Vail Valley news briefs
VAIL ” A grizzly bear sighting in 1975 in the Glacier National Park led Jim Cole to devote his life to the study of grizzly bears. Since then, he has logged over 18,000 backcountry hiking miles from Yellowstone to Alaska to observe and photograph the bears.
Cole, who lives in Bozeman, Mont., will show three decades of photographs and discuss his research at a free presentation at Donovan Pavilion on Thursday from 5:30 to 7 p.m. He also will play some of his songs.
There are about 1,000 grizzly bears in the continental U.S, living almost exclusively in and around the Rocky Mountains of western Montana and Wyoming.
A graduate of the University of Colorado, Cole has written two books, “Lives of Grizzlies-Montana and Wyoming” and “Lives of Grizzlies-Alaska.” His says his mission is to accurately portray the bears’ lives and dispel myths that they are dangerous man-eaters.
For more information contact the Vail Symposium at 476-0954 or email@example.com.
Participate in The Longevity Project
The Longevity Project is an annual campaign to help educate readers about what it takes to live a long, fulfilling life in our valley. This year Kevin shares his story of hope and celebration of life with his presentation Cracked, Not Broken as we explore the critical and relevant topic of mental health.
EAGLE-VAIL ” Battle Mountain High School senior Riley Pack was named a finalist in the National Merit Scholarship Program for 2006.
“To say the least, I was pleasantly surprised,” Pack said. “I was really honored to get accepted to Stanford, and now this? What a bonus.”
The program, created in 1955, accepts less than 1 percent of all high school seniors as finalists. Pack, along with Eagle Valley High School senior Zach Henry, is one of 15,000 finalists across the country who are now eligible for 8,200 of scholarships that will be awarded starting this month.
Despite being accepted to Stanford, Pack said he opted for the University of Colorado at Boulder because of its aerospace engineering program.
Pack is on Battle Mountain’s cross country and ski teams, plays in the school’s band and is a member of Future Business Leaders of America.
For more information on the National Merit Scholarship Program, call (847)866-5100 or visit http://www.nationalmerit.org.
” Nicole Frey
EDWARDS ” John McConnell will present “The Value of Mentorship,” from 6:30 to 8:30 p.m. Thursday, at the Eagle County Health Services building in Edwards, behind the Edwards Post Office.
McConnell, a retired physicist and the founder of the Western Math and Science Center in Grand Junction, will speak about how he mentored Ryan Patterson from school science fairs to winning the Intel International Science Competition.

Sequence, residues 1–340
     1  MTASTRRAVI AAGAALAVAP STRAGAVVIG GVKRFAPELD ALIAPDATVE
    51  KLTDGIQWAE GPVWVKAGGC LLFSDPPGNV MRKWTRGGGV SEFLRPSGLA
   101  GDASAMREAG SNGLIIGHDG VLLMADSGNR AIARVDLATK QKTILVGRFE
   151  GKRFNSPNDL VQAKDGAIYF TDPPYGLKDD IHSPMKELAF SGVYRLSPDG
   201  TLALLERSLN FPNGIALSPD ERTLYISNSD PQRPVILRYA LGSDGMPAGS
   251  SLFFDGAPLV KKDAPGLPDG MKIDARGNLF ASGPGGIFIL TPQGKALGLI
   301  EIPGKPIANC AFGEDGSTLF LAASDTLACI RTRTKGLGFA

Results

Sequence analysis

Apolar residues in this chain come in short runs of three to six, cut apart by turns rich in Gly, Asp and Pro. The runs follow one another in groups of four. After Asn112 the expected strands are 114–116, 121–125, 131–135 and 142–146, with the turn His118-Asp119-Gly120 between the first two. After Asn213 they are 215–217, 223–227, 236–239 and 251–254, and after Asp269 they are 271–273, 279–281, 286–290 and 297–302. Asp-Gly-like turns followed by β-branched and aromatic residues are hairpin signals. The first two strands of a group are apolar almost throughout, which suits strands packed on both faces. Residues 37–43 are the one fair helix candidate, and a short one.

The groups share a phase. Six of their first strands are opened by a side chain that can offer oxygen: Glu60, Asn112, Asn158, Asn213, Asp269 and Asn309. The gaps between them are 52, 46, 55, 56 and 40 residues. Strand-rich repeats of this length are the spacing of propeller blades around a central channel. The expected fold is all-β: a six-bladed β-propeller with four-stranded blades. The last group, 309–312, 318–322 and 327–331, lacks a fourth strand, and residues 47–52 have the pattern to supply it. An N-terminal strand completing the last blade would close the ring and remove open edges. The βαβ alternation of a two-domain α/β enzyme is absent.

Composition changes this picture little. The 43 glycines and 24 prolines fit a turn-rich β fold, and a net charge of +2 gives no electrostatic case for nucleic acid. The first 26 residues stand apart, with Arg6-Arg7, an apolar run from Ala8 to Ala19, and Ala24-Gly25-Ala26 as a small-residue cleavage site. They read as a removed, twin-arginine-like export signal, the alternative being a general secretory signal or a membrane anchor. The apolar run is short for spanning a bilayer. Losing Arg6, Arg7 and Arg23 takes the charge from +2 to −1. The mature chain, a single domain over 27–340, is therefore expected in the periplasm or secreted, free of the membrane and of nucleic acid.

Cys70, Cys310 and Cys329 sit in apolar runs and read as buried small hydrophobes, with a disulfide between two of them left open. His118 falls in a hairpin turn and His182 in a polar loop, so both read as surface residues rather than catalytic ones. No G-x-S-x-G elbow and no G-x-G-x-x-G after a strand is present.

The event, hosted by the Gifted Education Team of Eagle County, in conjunction with the Vail Symposium, will also explain the Academic Mentor Bank, in which local students are matched with experts and professionals.
To RSVP, call Susan Mackin Dolan at 926-8056 or e-mail firstname.lastname@example.org, or contact Anne Dunlevie at 926-0723 or at email@example.com. For more information, visit http://www.vailsymposium.org.
” Nicole Frey
EDWARDS ” The Kimberly Linn McDonald Foundation joins the National Patient Safety Foundation, the Institute for Healthcare Improvement, Medically Induced Trauma Support Services, Consumers Advancing Patient Safety, the Joint Commission International Center for Patient Safety, and the Institute for Safe Medical Practices in recognizing National Patient Safety Awareness Week, which runs until Saturday.
Linda Kenney, the founder of Medically Induced Trauma Support Services, will speak Thursday at noon at community luncheon will at The Chaparral Restaurant at Cordillera Valley Club, 0101 Lariat, Edwards, CO.
Topics covered will include the patient’s role in medical safety and how various groups are working to improve medical care.
Reservations are required for the luncheon. Call 926-8908 or e-mail to firstname.lastname@example.org.
Dillon resident Flo Raitano has been chosen to lead the Interstate 70 Mountain Corridor Coalition, a group of mountain communities working on freeway congestion while the state is doing its own multi-year study.
“I told them, when they asked me why I was interested in the position, that I’m at a point in my life and career where I’m only interested in taking on a project that matters, that makes a difference. This, I’m convinced, is one of them,” Raitano said.
Raitano, a third-generation native Coloradan, came to Summit County in 1982 to practice veterinary medicine. From 1986 to 1993, she was the mayor of Dillon. She later became executive director of the Rural Development Council under Gov. Roy Romer. She was an advocate for bringing broadband to rural parts of the state.
As for I-70 , mountain communities from Idaho Springs to Silverthorne, Vail and beyond will all have to sink or swim together, but the metro communities of the Front Range also need to be part of the solution, she said.
“I don’t see it as an we-versus-they,” she said. “The Front Range stands to benefit as much as we do from a positive solution.”